Sometimes I boil the strained liquid till it is reduced so that it takes up less room in the fridge/freezer. Then I need to just add some water to reconstitute. The fat that is on the top of this broth is good for cooking with. If making chicken soup you can get the fat off some chicken broth, melt it in your pot, sauté some onion and garlic in that then add the broth any other veggies and chicken and cook till everything is cooked through. Using premade broth and left overs I can make soup from scratch for lunch in 20 min or less.
I recently discovered that broth with a thick layer of fat on it will stay good in the fridge for literally months.  I was given some beef bones a week or so before Thanksgiving that I had no room for in my freezer.  I quickly turned them into broth, cooked the broth down till it was about half the volume and put the broth into 2 qt jars in the fridge (again no room in the freezer.)  These jars had 1-2 inches of beef fat on the top of them.  I was able to use this broth for all of my Thanksgiving and Christmas cooking and didn’t need to make more that whole time.  I opened up the last jar in mid January and it was still good.

To learn more about the benefits of bone broth and some great recipes check out my book Broth: Elixir of Life

1broth-elixir-of-life-250

What is your favorite sneaky way to use bone broth?  I would love a list of your ideas in the comments section.

* Carrots, celery, and black pepper are high oxalate foods and should probably be avoided in broth for those who are sensitive to oxalates.

This was part 1 in my GAPS Basics series.  Go here to see part 2.  How to make GAPS sour cream.


30 Comments

  1. great post, patty.
    couild you please explain why NCM says some people may need to start with meat broth before moving on to bone broth?
    how does one know if bone broth is too much?
    thanks!

  2. Hi GiGi
    Bone both contains free gulamate which some people, esp those sensitive to msg, can have a problem with.
    It is also just very strongly detoxifying.
    Thirdly it can have less gelatin than meat broth and a damaged gut really needs that gelatin to heal.
    You would know it is too much if you have a strong reaction to it. Some will get a reaction like they get from MSG, a headache or joint pain or some other reaction. Some will just feel too ill or like detox is going too fast. Often it is easy enough to stop the broth for a day or two and see if you feel better. It is best to always start GAPS intro using meat broth and move on to bone broth after the first couple of stages are under you belt. Even some people who have been consuming bone broth for years will react to it at first on intro. I am planning another GAPS broth post soon with info about meat broth and some other tips.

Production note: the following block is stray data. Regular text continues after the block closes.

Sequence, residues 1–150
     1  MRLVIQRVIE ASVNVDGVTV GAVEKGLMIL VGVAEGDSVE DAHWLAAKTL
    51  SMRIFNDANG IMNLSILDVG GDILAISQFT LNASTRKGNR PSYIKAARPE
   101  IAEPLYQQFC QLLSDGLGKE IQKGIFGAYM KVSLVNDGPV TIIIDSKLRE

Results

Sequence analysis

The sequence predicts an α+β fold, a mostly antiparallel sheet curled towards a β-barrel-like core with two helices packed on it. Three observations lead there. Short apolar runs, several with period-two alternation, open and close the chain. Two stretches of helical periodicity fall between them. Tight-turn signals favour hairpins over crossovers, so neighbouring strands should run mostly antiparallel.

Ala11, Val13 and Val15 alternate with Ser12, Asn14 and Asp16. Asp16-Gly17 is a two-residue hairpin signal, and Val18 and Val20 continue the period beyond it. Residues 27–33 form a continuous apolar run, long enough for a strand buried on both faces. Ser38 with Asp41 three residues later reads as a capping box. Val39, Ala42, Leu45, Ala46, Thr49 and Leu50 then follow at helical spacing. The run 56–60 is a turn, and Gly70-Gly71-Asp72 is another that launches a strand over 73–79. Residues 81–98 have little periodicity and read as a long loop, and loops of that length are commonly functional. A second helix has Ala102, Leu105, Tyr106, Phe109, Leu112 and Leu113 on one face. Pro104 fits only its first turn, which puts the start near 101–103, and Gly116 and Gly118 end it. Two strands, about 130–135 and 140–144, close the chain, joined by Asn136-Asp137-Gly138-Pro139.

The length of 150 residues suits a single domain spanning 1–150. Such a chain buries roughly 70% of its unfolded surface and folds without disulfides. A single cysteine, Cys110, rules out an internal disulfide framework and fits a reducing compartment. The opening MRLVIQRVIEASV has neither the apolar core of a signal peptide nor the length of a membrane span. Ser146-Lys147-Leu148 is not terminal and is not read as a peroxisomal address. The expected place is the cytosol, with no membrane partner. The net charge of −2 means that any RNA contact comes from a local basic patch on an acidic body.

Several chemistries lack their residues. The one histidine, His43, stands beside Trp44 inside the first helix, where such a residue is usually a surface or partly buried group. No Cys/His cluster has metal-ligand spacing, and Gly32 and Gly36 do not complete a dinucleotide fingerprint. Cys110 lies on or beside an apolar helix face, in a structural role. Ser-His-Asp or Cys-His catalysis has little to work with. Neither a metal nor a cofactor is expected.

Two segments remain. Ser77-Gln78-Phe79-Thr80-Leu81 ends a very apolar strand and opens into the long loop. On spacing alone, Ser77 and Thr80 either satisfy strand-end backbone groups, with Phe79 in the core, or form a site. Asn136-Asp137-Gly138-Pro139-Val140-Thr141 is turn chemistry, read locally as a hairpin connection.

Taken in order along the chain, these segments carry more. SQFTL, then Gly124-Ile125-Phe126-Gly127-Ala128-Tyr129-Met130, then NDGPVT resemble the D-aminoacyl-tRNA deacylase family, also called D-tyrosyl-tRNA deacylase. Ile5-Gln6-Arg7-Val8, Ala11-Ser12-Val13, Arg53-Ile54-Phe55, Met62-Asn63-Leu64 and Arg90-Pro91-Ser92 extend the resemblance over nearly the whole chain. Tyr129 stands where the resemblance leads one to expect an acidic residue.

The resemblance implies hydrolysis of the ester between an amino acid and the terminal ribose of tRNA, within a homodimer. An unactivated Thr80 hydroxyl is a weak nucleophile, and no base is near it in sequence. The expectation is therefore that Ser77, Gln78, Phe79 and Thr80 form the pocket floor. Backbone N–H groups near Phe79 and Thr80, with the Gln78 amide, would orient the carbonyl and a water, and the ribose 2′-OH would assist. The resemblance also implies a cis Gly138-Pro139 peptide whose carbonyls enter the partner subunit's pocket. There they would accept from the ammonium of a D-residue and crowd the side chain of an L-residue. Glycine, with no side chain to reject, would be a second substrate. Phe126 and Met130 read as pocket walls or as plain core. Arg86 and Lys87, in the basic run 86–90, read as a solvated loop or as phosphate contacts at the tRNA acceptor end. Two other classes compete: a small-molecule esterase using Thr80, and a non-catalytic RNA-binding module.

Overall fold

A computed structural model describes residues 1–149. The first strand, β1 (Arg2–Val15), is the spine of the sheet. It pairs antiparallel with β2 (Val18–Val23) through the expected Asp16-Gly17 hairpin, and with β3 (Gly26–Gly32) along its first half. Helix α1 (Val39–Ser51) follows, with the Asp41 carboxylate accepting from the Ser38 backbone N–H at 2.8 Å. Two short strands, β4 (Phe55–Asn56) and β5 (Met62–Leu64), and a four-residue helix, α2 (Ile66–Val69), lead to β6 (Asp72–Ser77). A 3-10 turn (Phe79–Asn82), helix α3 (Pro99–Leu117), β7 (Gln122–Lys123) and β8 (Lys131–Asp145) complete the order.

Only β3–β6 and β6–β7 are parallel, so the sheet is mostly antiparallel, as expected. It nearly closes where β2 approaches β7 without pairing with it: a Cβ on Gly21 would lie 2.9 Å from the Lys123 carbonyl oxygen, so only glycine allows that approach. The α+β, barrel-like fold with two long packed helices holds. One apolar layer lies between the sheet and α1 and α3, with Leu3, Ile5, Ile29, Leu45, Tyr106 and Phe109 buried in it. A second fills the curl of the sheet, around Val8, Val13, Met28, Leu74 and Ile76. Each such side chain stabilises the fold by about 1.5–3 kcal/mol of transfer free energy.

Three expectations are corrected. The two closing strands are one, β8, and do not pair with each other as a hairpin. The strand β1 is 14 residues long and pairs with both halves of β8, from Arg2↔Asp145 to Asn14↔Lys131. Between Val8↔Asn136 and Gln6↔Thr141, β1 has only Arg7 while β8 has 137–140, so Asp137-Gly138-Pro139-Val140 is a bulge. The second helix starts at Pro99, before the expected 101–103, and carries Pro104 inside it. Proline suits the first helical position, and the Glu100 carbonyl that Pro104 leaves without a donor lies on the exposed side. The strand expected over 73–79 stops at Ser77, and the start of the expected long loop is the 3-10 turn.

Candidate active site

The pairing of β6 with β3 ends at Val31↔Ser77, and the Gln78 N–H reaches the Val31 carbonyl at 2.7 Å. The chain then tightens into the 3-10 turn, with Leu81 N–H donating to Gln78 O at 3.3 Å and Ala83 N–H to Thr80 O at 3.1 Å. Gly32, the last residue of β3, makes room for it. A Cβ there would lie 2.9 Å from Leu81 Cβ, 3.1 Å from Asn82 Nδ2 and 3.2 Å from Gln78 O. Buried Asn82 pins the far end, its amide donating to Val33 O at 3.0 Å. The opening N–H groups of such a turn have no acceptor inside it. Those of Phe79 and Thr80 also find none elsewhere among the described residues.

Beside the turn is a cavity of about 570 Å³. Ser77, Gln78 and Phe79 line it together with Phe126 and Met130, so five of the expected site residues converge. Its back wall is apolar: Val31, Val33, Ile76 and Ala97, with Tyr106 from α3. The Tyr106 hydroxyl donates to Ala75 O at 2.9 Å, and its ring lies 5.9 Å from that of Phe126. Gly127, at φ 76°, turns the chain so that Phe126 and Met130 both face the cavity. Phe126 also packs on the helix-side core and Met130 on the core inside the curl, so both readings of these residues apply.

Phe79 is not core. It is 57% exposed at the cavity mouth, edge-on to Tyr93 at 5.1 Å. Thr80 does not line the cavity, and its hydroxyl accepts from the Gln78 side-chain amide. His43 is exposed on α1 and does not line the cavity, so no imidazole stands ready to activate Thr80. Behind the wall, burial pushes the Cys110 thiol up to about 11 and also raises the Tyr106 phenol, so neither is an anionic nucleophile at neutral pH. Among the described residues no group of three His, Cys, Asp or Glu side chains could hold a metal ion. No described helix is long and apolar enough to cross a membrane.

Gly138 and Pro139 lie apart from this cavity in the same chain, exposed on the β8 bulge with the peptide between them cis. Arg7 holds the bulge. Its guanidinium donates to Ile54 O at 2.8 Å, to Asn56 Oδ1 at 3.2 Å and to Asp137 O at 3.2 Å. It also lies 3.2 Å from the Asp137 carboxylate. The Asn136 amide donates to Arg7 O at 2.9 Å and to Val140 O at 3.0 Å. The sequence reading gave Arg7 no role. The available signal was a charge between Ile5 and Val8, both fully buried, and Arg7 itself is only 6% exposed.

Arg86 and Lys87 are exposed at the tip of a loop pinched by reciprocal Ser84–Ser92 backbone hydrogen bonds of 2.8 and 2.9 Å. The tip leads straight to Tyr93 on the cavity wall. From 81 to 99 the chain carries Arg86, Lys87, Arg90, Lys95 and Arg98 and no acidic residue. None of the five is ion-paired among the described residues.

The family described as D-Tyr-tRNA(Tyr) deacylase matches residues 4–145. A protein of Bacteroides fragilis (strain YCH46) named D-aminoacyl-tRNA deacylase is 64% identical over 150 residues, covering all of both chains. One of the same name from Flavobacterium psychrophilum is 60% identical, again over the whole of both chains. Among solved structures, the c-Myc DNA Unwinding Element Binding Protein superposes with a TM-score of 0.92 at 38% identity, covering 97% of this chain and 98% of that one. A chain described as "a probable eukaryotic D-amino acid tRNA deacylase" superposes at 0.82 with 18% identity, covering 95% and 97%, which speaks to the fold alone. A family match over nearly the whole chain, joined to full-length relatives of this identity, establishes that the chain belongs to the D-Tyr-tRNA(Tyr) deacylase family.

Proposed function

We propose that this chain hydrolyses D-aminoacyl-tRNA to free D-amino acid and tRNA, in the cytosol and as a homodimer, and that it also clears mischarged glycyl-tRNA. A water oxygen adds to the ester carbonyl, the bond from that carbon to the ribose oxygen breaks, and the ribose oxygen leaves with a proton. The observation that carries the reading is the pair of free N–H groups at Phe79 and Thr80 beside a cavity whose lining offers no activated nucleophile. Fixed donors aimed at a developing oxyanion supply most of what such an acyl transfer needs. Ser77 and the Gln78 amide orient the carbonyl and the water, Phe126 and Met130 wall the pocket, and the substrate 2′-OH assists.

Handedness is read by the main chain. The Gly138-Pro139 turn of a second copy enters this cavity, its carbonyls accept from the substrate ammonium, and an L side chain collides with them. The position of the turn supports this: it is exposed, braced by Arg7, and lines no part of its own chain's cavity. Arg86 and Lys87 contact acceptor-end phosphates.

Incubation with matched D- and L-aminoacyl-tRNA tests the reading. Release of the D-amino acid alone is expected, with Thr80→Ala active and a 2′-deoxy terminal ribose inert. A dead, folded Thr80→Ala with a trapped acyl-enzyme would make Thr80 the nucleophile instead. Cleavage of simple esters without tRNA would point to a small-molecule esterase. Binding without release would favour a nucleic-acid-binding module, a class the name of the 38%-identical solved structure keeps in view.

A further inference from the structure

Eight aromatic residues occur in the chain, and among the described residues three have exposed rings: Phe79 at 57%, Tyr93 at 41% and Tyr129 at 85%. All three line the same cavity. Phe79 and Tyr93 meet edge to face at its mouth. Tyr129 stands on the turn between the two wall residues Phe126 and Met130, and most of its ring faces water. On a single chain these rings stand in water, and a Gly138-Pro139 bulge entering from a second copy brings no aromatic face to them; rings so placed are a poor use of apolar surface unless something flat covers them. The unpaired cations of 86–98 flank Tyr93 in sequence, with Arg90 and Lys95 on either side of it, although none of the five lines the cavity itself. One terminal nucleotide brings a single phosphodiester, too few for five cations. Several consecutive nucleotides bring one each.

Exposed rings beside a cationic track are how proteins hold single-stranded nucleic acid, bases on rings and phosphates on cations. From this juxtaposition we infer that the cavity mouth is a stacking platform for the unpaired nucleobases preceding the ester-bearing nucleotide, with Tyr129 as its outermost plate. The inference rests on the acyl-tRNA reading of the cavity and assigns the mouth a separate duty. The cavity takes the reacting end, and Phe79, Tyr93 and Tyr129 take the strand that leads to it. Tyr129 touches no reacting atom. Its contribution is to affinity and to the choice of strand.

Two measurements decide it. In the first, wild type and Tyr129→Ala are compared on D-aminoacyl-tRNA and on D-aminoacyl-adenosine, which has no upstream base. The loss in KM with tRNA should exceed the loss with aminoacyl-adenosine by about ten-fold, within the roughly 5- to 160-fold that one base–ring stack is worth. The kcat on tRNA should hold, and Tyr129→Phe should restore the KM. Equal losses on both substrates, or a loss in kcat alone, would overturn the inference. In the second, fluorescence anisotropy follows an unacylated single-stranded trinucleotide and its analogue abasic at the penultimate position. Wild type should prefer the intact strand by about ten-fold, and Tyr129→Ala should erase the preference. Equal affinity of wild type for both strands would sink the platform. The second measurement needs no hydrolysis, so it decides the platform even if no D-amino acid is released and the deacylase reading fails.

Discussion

Patty

  3. Thanks Patty!
    I was making bone broth for my kids since the start of intro (almost 5 months ago), but switched to meat broth after I heard this.
    I think we might switch back and forth so that they can get the benefits of both.
    ALso, sometimes the meat broth is gelatinous, other times, it is not. I have heard of some people adding gelatin to the broths. Do you recommend this? f so, what do you recommend using?
    Thanks again!

  4. We do both here too. If the broth doesn't gel that is often because it is too dilute. Sometimes it can also be from boiling it too much.
    I use the Bernard Jensen gelitan that is linked in my amazon side bar.

  5. We're just starting on our GAPS journey here – my son is really more Paleo at this point so we're putting a couple of Tablespoons in his milk to get the broth in him. I can also add a teaspoon or two of kraut juice to his milk without him noticing. We've always put supps and oils in his milk so he's very used to "unconventional" tasting milk. Thanks for the post!

  6. I just started making bone broth, and I have extreme gas pains after having some. My belly feels like one giant bubble! Is this normal at first? Will my body adapt?

    • Hi Katie,
      You should probably switch to meat broth for now. Meat Broth and see if that helps. Also start out slow. Some people get a lot of die off from their broth.

  7. I read in Weston a Price that if you do the bone broth, boil it for only 6-8 hours and it will help with the MSG. Any info on this?

    • Hi Leslie,
      Yes I have heard that. I do not have that problem but I have hear that simmering at a lower temp and shorter time will both help to reduce free glutamate (which many react to as they do to MSG). Many have found that with healing on GAPS they can tolerate longer and longer cooking times.

  8. I ran across your site about bone broth for minerals. Wouldnt juicing vegetables and fruits be better minerals?

    • You can’t beat bones for minerals. That is what they are made of. Vegetables have some minerals but can’t hold a candle to bones ounce for ounce.